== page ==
We were making our way down the Bitterroot River. I said to Chinook:  “I’ll be Lewis; you can be Clark.”  Then I reconsidered. “We’ll both be Sacagawea – since, historically, probably more than one Indian woman filled that role.”  Chinook wasn’t listening.  He was working hard to plow through water up to his belly and keeping an eye out for fish.

It was a sweaty August day and we looked more like an escaped circus act than intrepid explorers.  I’d been running and was wearing only shorts and a jog bra. At least I’d changed into cowboy boots.  Chinook had on a snaffle bit and the merest slip of an English saddle.  I wanted to fancy myself a cowboy, but instead of a sensible, big-headed, muscle-butt quarter horse, I was riding a dish-faced, prance-y young Arabian gelding who shied at fish.  And deer.  And sometimes rocks.

We left the riverbed and continued along the bank. I was babbling away, talking about the mythology of the West, the comfort of being nestled between the Bitterroots and the Sapphires, what a good horse he was, when Chinook planted both forefeet and halted, nostrils flaring.  His petite ears stopped swiveling and tuned in dead-ahead, trained on a big, rotting log and the thing that was on it.

It was a furry, squat something; the size of a large dog, bear-like, dark brown, with short, almost silly, legs, a lush bushy tail, triangular head, and blonde highlights along its back.  I identified it immediately – as an enigma. I wanted to get a closer look. Chinook had seen enough and thought we should go back to the river.  But I urged him on, appealing to his spirit of adventure and exploration, reassuring him with my legs and seat, and promises of carrots.

We got closer.  The animal didn’t bother to notice us.  He continued ambling, off the log, heading out into the open field.  We followed for a while, and then he lost us.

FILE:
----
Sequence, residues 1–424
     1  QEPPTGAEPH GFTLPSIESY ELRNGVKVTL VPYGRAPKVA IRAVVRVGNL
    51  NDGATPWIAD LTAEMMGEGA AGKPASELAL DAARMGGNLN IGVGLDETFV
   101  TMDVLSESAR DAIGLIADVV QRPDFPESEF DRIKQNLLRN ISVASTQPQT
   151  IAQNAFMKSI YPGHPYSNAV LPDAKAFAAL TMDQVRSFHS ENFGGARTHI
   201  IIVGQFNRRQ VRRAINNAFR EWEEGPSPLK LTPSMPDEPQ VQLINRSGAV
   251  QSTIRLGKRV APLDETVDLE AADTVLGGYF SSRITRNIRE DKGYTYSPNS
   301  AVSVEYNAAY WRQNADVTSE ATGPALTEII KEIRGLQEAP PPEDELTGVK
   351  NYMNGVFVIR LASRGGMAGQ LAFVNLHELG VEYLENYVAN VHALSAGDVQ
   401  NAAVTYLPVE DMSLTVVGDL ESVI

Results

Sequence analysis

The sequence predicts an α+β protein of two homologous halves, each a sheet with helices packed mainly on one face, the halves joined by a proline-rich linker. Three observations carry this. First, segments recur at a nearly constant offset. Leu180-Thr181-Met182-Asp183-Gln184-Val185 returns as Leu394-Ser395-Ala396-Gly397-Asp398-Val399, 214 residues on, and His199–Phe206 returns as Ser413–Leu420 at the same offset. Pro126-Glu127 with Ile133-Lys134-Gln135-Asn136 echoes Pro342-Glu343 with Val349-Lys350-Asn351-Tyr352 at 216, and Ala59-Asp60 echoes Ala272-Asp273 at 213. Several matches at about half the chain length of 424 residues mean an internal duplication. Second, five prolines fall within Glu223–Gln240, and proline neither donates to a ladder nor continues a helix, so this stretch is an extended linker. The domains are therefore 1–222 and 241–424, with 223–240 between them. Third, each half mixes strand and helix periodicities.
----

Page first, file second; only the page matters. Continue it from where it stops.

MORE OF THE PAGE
When I got back I described what I’d seen to my friend Dan, an environmental historian, resident of the Bitterroot, and a bit of an adventurer himself.  “Sounds like a wolverine,” he said, though he added that you almost never see them.  A wolverine?  All I could think of was Michigan basketball.  He took out a well-thumbed field guide and showed me a mug shot.  Yep.  Wolverine.

Recently I stopped by the office of a wildlife biologist.  Stuffed, snarling, high above his desk, was my enigma. “Hey,” I said, before I’d even introduced myself, “what’s that?”  He told me and was astonished by my story. “I’ve been studying them for years,” he said, “and have never seen one in the wild.”

Wolverine (Gulo gulo)

Wolverines are oversized members of the weasel family. They were thought to be gone from Montana by 1920, but have made a comeback. They like to live in rugged, isolated places and as such are partial to Western Montana and Idaho.   It’s not so much their scarcity but their habits that make them elusive.  They’re travelers, explorers, covering up to 15 miles a day. Their Latin name is Gulo gulo, derived from the word “glutton.”  In fact, the animal I saw looked plenty well fed.

That summer day – me and Chinook playing in the Bitterroot – would have been perfect even if we hadn’t encountered the enigma.  But how great is it when bumbling, untutored, half-dressed, high-strung, pretend-adventurers happen onto something special.  And rare.   It’s why we go outdoors.  I’m convinced I’m going to see another wolverine.  And even if I don’t, I won’t stop looking.